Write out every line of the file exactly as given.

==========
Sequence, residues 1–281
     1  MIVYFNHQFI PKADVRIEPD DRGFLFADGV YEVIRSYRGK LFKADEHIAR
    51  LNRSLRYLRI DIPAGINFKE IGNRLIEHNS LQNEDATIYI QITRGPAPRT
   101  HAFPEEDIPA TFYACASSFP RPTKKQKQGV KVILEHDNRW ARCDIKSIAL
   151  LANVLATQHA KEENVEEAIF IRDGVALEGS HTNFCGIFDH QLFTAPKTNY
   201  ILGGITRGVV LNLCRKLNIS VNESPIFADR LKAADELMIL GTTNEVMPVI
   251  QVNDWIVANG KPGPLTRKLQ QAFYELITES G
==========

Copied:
Sequence, residues 1–281
     1  MIVYFNHQFI PKADVRIEPD DRGFLFADGV YEVIRSYRGK LFKADEHIAR
    51  LNRSLRYLRI DIPAGINFKE IGNRLIEHNS LQNEDATIYI QITRGPAPRT
   101  HAFPEEDIPA TFYACASSFP RPTKKQKQGV KVILEHDNRW ARCDIKSIAL
   151  LANVLATQHA KEENVEEAIF IRDGVALEGS HTNFCGIFDH QLFTAPKTNY
   201  ILGGITRGVV LNLCRKLNIS VNESPIFADR LKAADELMIL GTTNEVMPVI
   251  QVNDWIVANG KPGPLTRKLQ QAFYELITES G